Should You Upgrade to a 2014 MacBook Air?
Apple has unveiled some new MacBook Air models, a go-ahead sign to buy now if you were waiting to see what was coming out of Apple's labs this year.
If you wanted big change, you will be disappointed. The 2014 MacBook Airs are much like last year's models, with some minor – but important – tweaks.
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MacBook Air 2014 vs 2013 – Specs
There's only one real spec difference between the latest MacBook Air generations. The 2014 editions are slightly faster, their CPUs boosted from 1.3GHz to 1.4GHz.
There is also a corresponding increase in clock speed in their Turbo Boost modes. However, neither upgrade is going to see a particularly dramatic performance increase.
Both the 2013 and 2014 MacBook use Haswell-generation processors and Intel HD 5000 graphics, and these two are the key indicators of performance in a yearly upgrade like this.
There's an obvious explanation for the lack of a serious power upgrade – the next generation is not available yet. Intel calls the next generation of chips Broadwell, and we'll see its chipsets later in 2014 and in 2015.
The Broadwell 'big deal' for laptops like the MacBook Air is that its processor architecture will allow for more efficient processors, which should lead to better battery life. And that was something that Haswell processors have already improved significantly compared to older generations.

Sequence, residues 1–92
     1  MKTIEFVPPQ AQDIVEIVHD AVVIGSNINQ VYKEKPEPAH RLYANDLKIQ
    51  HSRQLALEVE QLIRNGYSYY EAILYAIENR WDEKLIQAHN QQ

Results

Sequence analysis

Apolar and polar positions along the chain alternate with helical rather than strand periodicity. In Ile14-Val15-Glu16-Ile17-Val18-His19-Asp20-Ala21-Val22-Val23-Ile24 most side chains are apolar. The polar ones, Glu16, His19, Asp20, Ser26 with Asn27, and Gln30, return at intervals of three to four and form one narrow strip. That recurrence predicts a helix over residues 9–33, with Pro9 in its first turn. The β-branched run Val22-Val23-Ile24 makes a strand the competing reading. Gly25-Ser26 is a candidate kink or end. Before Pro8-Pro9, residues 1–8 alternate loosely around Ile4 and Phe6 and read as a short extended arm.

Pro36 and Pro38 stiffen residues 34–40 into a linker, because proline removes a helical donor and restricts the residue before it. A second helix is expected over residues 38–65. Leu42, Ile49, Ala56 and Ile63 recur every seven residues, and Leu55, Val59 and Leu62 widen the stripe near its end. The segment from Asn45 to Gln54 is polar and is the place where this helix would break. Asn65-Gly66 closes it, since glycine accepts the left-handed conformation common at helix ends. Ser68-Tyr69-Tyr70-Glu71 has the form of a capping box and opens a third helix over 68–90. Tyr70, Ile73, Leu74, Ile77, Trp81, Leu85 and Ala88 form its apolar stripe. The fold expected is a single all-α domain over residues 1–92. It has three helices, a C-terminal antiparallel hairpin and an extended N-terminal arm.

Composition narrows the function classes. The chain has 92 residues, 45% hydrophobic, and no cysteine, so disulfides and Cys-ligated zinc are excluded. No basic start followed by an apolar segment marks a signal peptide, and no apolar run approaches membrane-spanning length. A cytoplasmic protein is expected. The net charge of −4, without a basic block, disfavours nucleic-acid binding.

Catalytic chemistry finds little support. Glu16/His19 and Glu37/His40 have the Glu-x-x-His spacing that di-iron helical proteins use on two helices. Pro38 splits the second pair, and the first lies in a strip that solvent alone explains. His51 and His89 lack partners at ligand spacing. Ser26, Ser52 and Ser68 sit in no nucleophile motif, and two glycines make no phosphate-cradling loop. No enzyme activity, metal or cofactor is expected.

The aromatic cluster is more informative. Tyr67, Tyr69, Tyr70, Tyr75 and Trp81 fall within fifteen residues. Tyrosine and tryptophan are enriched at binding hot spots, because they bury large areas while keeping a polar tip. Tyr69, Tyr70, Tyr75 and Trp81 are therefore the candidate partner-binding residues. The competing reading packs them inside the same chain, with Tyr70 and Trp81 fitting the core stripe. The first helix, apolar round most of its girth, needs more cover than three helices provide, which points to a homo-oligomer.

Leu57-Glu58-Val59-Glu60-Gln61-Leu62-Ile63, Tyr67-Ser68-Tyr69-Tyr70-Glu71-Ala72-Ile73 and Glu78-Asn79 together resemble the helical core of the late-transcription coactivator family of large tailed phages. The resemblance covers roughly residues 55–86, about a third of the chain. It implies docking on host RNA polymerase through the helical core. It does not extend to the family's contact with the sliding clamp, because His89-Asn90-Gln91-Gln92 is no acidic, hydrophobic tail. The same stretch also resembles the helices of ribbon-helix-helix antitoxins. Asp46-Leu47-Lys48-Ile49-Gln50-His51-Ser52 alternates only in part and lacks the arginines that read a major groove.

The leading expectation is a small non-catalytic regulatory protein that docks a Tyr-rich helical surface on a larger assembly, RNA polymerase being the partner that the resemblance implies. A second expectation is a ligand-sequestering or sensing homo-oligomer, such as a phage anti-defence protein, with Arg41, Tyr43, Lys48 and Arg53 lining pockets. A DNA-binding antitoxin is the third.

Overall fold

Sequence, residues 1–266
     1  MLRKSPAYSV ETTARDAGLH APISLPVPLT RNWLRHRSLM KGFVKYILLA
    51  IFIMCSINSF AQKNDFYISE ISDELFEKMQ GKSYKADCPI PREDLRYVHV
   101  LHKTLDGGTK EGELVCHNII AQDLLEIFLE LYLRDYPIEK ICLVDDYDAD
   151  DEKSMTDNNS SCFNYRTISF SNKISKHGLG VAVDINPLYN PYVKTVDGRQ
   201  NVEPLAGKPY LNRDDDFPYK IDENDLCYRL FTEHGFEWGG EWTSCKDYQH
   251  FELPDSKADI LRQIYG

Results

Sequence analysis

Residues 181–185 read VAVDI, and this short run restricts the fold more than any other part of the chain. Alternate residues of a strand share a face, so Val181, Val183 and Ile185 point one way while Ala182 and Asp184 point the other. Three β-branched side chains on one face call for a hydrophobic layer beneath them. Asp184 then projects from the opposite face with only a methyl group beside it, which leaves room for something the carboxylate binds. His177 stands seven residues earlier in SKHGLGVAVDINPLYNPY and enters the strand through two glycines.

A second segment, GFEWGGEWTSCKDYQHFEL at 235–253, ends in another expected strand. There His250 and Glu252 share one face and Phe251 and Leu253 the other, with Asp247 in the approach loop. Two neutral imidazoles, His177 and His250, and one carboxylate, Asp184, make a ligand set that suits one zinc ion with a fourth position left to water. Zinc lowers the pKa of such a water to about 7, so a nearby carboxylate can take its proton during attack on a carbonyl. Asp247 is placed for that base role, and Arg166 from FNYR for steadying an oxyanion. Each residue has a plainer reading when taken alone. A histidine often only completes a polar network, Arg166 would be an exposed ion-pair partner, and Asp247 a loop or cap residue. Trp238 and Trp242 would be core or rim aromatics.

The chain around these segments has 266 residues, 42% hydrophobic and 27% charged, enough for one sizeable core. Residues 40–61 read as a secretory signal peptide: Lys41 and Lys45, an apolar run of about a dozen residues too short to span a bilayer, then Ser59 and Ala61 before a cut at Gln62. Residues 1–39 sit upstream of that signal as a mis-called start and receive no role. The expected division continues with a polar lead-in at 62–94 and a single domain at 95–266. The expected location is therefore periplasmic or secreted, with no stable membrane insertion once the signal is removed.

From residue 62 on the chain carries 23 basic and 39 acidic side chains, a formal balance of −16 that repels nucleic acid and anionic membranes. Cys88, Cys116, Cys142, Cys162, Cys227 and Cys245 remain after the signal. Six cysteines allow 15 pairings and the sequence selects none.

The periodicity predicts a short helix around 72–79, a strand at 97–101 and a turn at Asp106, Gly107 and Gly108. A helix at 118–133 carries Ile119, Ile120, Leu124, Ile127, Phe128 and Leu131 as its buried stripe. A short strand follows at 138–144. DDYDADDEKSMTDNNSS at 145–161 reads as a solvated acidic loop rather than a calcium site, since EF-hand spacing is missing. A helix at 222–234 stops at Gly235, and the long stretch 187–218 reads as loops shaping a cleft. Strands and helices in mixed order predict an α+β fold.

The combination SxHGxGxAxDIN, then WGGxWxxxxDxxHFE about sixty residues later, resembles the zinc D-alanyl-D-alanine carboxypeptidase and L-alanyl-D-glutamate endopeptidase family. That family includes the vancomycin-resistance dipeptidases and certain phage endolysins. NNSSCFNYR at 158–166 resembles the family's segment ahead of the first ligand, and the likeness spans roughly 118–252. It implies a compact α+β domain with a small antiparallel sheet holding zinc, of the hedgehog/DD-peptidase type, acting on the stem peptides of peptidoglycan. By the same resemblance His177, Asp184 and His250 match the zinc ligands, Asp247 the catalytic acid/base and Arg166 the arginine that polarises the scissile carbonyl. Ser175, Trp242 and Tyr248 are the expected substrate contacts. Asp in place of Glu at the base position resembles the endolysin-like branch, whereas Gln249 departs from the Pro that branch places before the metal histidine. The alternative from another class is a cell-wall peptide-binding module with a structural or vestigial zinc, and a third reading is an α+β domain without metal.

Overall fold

For the techier among you, Broadwell will bring 14nm architecture processors, where Haswell chips use a 22nm process.
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Claimed battery life remains very impressive
MacBook Air 2014 vs 2013 – Price
Arguably a lot more important that the minor spec upgrade, the 2014 MacBook Air models are £100 cheaper than their 2013 counterparts. This saving is seen in both the 11-inch and 13-inch MacBook Airs.
As well as helping to silence a few of those critical voices that claim all Apple laptops are hugely overpriced, this price change helps re-establish some distance between the Air and Pro ranges. The 11-inch Air now starts at £749, the 13-inch £849. The top-end 256GB 13-inch model costs £999.
This means all the Airs are cheaper than the Retina display Pro laptops. There is a 'legacy' MacBook Pro without Retina screen for £999, but this also has a slightly older chipset – it's not a true up-to-date laptop and is best avoided, really.
The 11-inch starts at £749, the 13-inch at £849, but there's no 'retina' option
MacBook Air 2014 vs 2013 – What's Missing?
For the average buyer, a price drop is as good as a big change in hardware. However, the real tech fans may be disappointed.
There were expectations that the 2014 MacBook Air would offer a Retina display, but the resolution remains at a pretty ordinary 1,440 x 900 (13 inch) and 1,366 x 768 (11 inch). There are some pretty serious technical hurdles to get over in making a laptop that's as thin and light as the MacBook Air while offering a high-res screen and Apple's renowned battery stamina.
We imagine Apple might need the increased efficiency of Intel Broadwell before it can get there.
There are also no substantial hardware changes – 17mm thick and 1.08/1.35kg respectively, the MacBook Airs are as slim and light as ever. But no more so than before.
Should You Upgrade?
There is no substantial reason to upgrade a 2013 MacBook to a 2014 one. You simply won't notice the performance difference in most situations.
However, we don't think Apple has dropped the ball in any way here. By dropping the price, it may be able to lure in a new swathe of laptop buyers and it seems the tech to warrant a more substantive upgrade isn't here yet.
Do we want a Retina MacBook Air? Absolutely. But not if its battery only lasts for three hours.
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